In the treatment of this disease, proper diet and regimen are of first importance. The diet is of special importance. It is necessary, however, that it should be most carefully adapted to the wants of each individual case, as nothing could be more true than the adage that "what is one man's meat is another's poison" when referring to cases of dyspepsia. The common plan of recommending some special dietary to all dyspeptics indiscriminately is a most pernicious one. We hear much of the grape cure, the beef cure, the fat cure, the cod-liver-oil cure, the milk and sundry other special diet cures, of dyspepsia, as well as the vegetarian cure. Each of these diets may be of special service to some special case, but all are totally unfitted for all cases alike. We have seen many persons become dyspeptics by the adoption of a vegetarian diet; but we have seen many more cured by exchanging a diet of fat meats, sweets, etc., for a plain diet of fruits, grains, and vegetables.

It is not an easy matter to induce individuals suffering with dyspepsia to deny the demands of appetite. In many cases, the will is weakened by long-continued disease, and the appetite is perverted, so that the patient loses self-control, and thus himself stands as the most difficult obstacle in the way of his recovery. It must be insisted, however, that the directions to be given shall be followed implicitly. In no other way can a bad dyspeptic hope for recovery. All but one or two requirements may be conformed to, but the failure in one particular may be sufficient to make all other efforts useless.

Although, as before remarked, there is no such thing as a universal diet for dyspeptics, there are certain articles of diet that must be discarded by all persons who have a weak digestion, and certain dietetic rules which must be conformed to by all. To the most important of these we will now call attention.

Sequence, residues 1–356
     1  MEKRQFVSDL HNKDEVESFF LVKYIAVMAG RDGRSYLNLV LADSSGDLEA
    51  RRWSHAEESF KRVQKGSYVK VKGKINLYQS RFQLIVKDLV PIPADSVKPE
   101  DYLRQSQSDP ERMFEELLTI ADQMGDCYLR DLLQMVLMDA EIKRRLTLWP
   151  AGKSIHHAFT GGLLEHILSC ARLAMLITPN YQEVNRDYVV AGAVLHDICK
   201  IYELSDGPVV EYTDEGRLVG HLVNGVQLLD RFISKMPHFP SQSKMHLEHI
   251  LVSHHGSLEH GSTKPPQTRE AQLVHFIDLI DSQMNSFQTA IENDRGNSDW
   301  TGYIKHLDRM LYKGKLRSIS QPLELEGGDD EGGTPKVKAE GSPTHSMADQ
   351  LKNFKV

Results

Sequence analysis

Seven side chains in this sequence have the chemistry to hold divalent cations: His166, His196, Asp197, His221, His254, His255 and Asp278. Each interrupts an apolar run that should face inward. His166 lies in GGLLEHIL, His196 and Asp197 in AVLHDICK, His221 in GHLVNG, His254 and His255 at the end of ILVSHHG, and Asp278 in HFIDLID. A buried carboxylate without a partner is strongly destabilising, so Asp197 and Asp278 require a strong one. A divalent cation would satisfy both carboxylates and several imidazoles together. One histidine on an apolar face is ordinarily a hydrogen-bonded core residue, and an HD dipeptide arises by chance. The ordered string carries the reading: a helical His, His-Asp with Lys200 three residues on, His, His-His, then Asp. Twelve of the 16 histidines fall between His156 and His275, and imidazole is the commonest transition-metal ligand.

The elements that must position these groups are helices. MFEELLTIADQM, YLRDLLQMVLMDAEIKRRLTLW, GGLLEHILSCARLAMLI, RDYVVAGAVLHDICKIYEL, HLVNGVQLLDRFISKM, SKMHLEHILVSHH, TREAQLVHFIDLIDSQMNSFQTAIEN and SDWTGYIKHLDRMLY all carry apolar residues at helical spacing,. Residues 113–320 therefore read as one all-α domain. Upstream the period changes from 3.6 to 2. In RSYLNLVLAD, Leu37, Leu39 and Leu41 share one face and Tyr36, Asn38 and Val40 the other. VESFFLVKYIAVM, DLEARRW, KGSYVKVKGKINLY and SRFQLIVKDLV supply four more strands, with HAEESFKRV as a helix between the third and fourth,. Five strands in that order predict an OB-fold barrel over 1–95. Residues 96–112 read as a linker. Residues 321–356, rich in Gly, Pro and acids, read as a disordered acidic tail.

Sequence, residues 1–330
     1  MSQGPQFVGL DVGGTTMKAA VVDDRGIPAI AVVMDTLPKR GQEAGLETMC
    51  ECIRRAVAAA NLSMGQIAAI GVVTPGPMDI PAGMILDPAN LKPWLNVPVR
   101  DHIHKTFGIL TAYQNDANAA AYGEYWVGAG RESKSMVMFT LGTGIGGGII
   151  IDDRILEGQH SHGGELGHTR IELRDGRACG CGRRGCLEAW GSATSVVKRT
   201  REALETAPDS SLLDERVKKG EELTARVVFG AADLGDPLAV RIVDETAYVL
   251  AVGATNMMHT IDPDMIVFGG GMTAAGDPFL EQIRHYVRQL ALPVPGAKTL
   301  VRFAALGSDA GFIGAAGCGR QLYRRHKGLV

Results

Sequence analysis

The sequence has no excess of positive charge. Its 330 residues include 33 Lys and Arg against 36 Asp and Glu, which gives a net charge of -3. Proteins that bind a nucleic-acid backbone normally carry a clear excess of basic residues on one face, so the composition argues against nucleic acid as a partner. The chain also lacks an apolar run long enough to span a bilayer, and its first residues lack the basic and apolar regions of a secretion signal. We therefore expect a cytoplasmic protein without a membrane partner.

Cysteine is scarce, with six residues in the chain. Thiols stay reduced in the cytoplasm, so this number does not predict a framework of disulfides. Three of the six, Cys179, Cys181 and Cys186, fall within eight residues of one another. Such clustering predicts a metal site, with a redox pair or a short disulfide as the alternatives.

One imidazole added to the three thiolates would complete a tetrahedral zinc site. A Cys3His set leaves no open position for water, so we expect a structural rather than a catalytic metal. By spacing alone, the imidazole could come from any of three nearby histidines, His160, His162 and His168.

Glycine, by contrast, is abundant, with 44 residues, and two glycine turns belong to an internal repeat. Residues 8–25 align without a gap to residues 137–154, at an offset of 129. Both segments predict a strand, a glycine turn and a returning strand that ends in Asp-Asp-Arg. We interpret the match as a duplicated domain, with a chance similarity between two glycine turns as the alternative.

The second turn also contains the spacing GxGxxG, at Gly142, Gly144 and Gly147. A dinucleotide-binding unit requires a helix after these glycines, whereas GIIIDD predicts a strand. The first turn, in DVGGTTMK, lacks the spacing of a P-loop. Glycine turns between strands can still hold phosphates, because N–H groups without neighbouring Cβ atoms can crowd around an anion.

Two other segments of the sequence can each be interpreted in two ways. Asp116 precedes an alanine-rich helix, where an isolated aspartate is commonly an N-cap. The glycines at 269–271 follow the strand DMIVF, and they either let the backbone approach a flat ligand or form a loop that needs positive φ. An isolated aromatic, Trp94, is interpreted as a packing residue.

1. Eat slowly, masticating the food very thoroughly, even more so, if possible, than is required in health. The more time the food spends in the mouth, the less it will spend in the stomach.

2. Avoid drinking at meals; at most, take a few sips of warm drink at the close of the meal, if the food is very dry in character.

3. In general, dyspeptic stomachs manage dry food better than that containing much fluid.

4. Eat neither very hot nor cold food. The best temperature is about that of the body. Avoid exposure to cold after eating.

5. Be careful to avoid excess in eating. Eat no more than the wants of the system require. Sometimes less than is really needed must be taken when digestion is very weak. Strength depends not on what is eaten, but on what is digested.

6. Never take violent exercise of any sort, either mental or physical; either just before or just after a meal. It is not good to sleep immediately after eating, nor within four hours of a meal.

7. Never eat more than three times a day, and make the last meal very light. For many dyspeptics, two meals are better than more.

8. Never eat a morsel of any sort between meals.

9. Never eat when very tired, whether exhausted from mental or physical labor.

10. Never eat when the mind is worried or the temper ruffled, if possible to avoid doing so.

11. Eat only food that is easy of digestion, avoiding complicated and indigestible dishes, and taking but one to three kinds at a meal.

12. Most persons will be benefited by the use of oatmeal, wheat meal, or graham flour, cracked wheat, and other whole-grain preparations, though many will find it necessary to avoid vegetables, especially when fruits or meats are taken.